Pablo Escobar and His 'Cocaine Hippos'


Pablo Escobar was notorious for being a Colombian drug lord. He was head of the “Medellín cartel” and was even named “the world’s most powerful drug trafficker in the 1980s and early ’90s” from Tikkanen. In an attempt to run from the police when his operation and drug trafficking career were discovered, both he and his bodyguard were caught in a firefight between themselves and the Colombian National Police. Despite Escobar and his bodyguard fighting hard for escape by running on the roofs of adjoining homes in hopes to make it to a back street, they were found and shot by the National Police of Colombia.



Escobar however was a wealthy individual, with a net worth of around 30 billion dollars. As any wealthy individual on our planet, Escobar used his money for personal indulgences - one being the creation of a personal safari or zoo in the Colombian countryside. Due to Escobar’s passing, his property went to the Colombian government, including this safari. Whilst the government dealt with the animals by shipping a majority away, the four “cocaine hippos” as they are now called in the media, were left in captivity and are taken care of by Cornare, which is an environmental agency in Colombia.


The Colombian government has been actively working with conservation experts on how best to deal with the growing population of hippos that occupy the property of the deceased drug lord Pablo Escobar. Their main issue is to decrease or prevent the population from growing any further, as it has already increased from “4 to 40” from Wilcox. Hippos by nature are deemed as the species that “causes the most deaths in Africa” from Wilcox. These animals should not be kept in an unfamiliar environment, as it is very worrying for caretakers in these regions.



Another problem concerning these hippos is their spread from the Colombian countryside to the Magdalena River. There are two major issues concerning the emigration of hippos from the countryside to their immigration into the Magdalena River. The first problem is that these hippos can be extremely unsafe for the communities that live in this area as hippos are “aggressive and are considered very dangerous” posing a large threat to human life in these areas, from Bradford. The second issue is that these hippos can disrupt the ecosystems that live in and surround the Magdalena river, for example, they can interfere with the species of otters, manatee, etc. Another example is the fact that hippos have impacted farming land by consuming all the crops that grow on the fertile land, leaving the land dry and the farmers no longer able to grow their crops - due to the destruction of their land.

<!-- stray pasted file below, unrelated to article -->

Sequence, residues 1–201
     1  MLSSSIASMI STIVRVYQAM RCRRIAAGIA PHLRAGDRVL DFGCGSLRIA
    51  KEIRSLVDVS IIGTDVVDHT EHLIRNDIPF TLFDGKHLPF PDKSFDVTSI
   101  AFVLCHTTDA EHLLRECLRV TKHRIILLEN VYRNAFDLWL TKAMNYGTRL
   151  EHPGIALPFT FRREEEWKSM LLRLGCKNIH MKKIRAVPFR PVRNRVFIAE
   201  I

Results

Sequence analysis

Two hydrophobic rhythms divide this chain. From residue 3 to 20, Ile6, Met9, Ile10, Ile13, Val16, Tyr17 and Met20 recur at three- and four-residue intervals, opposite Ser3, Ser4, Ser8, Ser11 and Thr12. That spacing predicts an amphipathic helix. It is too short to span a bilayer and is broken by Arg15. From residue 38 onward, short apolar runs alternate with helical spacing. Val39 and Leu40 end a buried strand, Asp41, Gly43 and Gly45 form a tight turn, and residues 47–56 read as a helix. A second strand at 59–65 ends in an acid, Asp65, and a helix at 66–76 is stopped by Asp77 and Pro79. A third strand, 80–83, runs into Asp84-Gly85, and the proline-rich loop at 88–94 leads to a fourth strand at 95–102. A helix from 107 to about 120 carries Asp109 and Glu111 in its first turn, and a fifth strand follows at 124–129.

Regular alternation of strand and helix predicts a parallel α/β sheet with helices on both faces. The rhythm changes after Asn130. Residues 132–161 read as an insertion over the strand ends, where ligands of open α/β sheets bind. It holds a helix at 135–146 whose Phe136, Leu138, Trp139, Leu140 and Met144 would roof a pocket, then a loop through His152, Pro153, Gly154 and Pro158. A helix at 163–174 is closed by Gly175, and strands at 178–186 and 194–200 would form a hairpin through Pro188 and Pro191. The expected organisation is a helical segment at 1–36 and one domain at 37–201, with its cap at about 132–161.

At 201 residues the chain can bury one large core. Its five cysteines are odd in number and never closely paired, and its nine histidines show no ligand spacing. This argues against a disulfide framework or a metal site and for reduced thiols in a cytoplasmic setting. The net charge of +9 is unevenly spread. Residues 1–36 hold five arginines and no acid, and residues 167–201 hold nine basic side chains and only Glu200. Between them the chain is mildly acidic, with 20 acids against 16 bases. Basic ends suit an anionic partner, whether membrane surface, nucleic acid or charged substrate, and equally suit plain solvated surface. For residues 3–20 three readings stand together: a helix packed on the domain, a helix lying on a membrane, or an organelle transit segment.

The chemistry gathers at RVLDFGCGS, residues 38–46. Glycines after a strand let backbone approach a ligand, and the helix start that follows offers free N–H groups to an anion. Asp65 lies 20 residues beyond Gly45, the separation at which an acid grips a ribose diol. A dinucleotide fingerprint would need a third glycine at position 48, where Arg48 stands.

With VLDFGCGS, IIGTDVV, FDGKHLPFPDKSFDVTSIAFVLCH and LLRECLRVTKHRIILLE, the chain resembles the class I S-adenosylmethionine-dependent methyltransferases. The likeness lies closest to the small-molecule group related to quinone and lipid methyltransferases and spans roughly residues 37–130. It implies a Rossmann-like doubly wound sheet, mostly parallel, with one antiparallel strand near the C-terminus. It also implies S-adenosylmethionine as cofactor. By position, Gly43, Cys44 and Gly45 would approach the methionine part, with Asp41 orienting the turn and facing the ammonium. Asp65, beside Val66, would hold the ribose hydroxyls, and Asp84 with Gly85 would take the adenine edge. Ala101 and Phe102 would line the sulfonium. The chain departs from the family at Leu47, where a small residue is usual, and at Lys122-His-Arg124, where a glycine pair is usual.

Many have worked hard to integrate the system of rewilding, which is the reintroduction of these hippos into their natural environment, slowly over time. This experiment has been happening for “25 years” from National Geographic. Another way in which these scientists are tackling the problem of growing populations of these animals is by castration. Castration is the process of removing the male gonad of the species, in turn removing their ability to reproduce sexually. However, many individuals have expressed the difficulty that surrounds capturing a beast as large as the hippo.



Many are looking at these hippos as a new hope for a lost species. Researchers have been looking into the diet of these herbivores, and in the published “Proceedings of the National Academy of Sciences,” it was found that these hippos are the “perfect ecological match for extinct species from the Late Pleistocene, such as modern-day wild horses known as mustangs and the extinct pre-domestic horses in North America” from The Guardian. By the reintroduction of these hippos into our ecosystems, many have found they are able to serve parts of ecosystems that now-extinct species of animals are unable to do, serving a greater purpose to our biodiversity.


Works Cited

Bradford, Alina. “Facts About Hippos.” LiveScience, Purch, 1 Nov. 2018, www.livescience.com/27339-hippos.html.


A Drug Lord and the World's Largest Invasive Animal, 26 Apr. 2018, ucsdnews.ucsd.edu/feature/a-drug-lord-and-the-worlds-largest-invasive-animal.


“Pablo Escobar's 'Cocaine Hippos' Show How Invasive Species Can Restore a Lost World.” The Guardian, Guardian News and Media, 24 Mar. 2020, www.theguardian.com/environment/2020/mar/24/pablo-escobars-cocaine-hippos-show-how-invasive-species-can-restore-a-lost-world-aoe.


Images Used

Howard, Brian Clark. “Pablo Escobar's Escaped Hippos Are Thriving in Colombia.” National Geographic, 10 May 2016, www.nationalgeographic.com/news/2016/05/160510-pablo-escobar-hippos-colombia/.


“Pablo Escobar.” Wikipedia, Wikimedia Foundation, 18 Oct. 2020, en.wikipedia.org/wiki/Pablo_Escobar.


Photograph by Luis Antonio Gonzalez Montana. “Could Pablo Escobar's Escaped Hippos Help the Environment?” National Geographic, 31 Jan. 2020, www.nationalgeographic.com/animals/2018/09/colombia-cocaine-hippos-rewilding-experiment-news/.


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